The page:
However, Mathematica does not stop there in further making error detection a challenge. Mathematica has several underlying basic operation models, such as re-writing, substitution or evaluation, which correspond to the same concepts, but do very different things to exactly same data. And they are arbitrarily mixed and NEVER EXPLICITLY MENTIONED IN THE DOCUMENTATION.

Multiple basic operations is what makes this language powerful and suited for abstraction and mathematical computation. But since they are arbitrarily mixed without being properly documented, the amount of error they generate and debugging they require is pretty insane and offsets in a large part the comfort they provide.

**No undo or version control**

Among the things that are almost as frustrating as the Mathematica errors is the execution model of Wolfram language. Mathematica workbooks (and hence the code you are writing) are first-class objects. Objects on which the language reasons on itself and which might get modified extensively upon execution. Which is an awesome idea.

What is much less awesome is the implementation of that idea. In particular the fact that the workbook can get modified extensively upon execution means that reconstructing what the code looked like before the previous operation might be impossible. So Mathematica discards the whole notion of code tracking.

Yes, you read it right.

**Any edits to code are permanent.** There is also **absolutely no integration with version control,** making an occasional fat-finger error of delete-evaluate a critical error that will make you loose hours of work. Unless you have 400 files to which you’ve “saved as” the notebook every five minutes.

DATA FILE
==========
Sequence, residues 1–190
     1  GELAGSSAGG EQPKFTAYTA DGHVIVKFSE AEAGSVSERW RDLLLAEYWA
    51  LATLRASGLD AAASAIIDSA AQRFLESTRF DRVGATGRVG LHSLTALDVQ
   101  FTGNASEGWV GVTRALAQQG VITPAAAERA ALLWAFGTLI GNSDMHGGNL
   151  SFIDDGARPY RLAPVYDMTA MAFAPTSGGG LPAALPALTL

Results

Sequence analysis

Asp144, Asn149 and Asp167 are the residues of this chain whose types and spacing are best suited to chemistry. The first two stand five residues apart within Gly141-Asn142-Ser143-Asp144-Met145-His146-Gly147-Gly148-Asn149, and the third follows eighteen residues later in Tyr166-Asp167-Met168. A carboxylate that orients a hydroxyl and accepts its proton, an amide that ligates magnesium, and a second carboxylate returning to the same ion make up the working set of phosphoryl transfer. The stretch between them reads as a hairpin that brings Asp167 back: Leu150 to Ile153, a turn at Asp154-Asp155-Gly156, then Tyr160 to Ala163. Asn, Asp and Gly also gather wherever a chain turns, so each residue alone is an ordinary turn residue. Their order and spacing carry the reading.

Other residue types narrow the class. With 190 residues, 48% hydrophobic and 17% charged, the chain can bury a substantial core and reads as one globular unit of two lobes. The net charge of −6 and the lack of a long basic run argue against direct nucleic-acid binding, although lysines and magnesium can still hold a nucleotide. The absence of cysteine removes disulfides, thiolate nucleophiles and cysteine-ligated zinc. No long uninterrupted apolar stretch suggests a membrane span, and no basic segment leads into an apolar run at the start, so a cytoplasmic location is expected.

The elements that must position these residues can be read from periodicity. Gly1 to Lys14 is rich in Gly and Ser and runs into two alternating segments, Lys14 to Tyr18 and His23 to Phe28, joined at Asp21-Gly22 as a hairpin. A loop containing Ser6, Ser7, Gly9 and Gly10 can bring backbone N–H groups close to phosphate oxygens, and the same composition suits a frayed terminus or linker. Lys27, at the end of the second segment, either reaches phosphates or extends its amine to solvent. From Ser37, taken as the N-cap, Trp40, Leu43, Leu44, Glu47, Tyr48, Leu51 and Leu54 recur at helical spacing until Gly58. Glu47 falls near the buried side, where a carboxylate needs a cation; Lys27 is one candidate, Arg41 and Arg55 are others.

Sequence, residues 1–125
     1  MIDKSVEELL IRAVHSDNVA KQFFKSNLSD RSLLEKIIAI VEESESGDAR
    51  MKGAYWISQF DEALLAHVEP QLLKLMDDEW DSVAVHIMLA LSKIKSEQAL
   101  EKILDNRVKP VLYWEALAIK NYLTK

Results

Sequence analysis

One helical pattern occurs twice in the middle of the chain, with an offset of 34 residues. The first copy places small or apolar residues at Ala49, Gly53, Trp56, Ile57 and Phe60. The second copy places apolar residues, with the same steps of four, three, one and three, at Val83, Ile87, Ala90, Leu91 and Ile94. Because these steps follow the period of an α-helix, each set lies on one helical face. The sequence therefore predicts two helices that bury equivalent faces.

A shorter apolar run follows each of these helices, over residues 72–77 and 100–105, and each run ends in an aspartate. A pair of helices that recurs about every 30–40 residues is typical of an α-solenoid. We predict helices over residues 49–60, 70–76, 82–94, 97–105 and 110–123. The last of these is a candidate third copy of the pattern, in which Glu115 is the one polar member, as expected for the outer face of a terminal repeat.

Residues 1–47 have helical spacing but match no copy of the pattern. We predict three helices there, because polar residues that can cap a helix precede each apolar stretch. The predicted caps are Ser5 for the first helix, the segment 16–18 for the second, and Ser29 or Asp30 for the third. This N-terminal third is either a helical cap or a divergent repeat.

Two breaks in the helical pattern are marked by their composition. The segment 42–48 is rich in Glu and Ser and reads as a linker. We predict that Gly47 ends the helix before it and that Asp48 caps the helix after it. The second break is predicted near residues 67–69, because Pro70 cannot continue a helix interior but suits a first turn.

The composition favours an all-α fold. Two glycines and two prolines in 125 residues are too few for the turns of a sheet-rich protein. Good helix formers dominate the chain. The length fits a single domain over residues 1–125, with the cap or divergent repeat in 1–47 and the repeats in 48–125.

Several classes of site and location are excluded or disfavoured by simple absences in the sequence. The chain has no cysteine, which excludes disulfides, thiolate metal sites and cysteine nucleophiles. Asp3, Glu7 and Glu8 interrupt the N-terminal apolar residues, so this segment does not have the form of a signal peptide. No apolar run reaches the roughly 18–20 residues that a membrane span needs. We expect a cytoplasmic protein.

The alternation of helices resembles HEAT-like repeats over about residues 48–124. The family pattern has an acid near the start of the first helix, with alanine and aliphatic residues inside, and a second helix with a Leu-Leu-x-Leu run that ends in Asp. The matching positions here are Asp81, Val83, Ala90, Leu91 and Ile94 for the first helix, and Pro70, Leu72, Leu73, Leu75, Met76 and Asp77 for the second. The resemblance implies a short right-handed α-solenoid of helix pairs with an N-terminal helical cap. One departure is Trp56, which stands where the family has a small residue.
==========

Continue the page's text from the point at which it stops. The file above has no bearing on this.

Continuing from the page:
**You just don’t get it**

In all this leaves a pretty consistent impression that language designers had absolutely no consideration for the user, valuing much less user’s work (code) then theirs, and showing it in the complete absence of safeguards of any kind, proper error tracking or proper code modification tracking. All of which made their work of creating and maintaining the language much easier at the expense of making user’s work much, much harder.

A normal language would get over such initial period of roughness and round itself by a base of contributors and a flow of feed-back from users. However Mathematica is a closed-source language, developed by a selected few, who would snob user’s input and instead of improving the language based on the input would persist in explaining to those trying to provide them feedback how the users “just don’t get it”.

For sure, Mathematica has a lots of great power to it. Unfortunately this power remains and will remain inaccessible to the vast majority of the commoners because of impossible syntax, naming convention and debugging experience straight from an era where just pointing to a line of code where the error occurred was waaay beyond the horizon of possible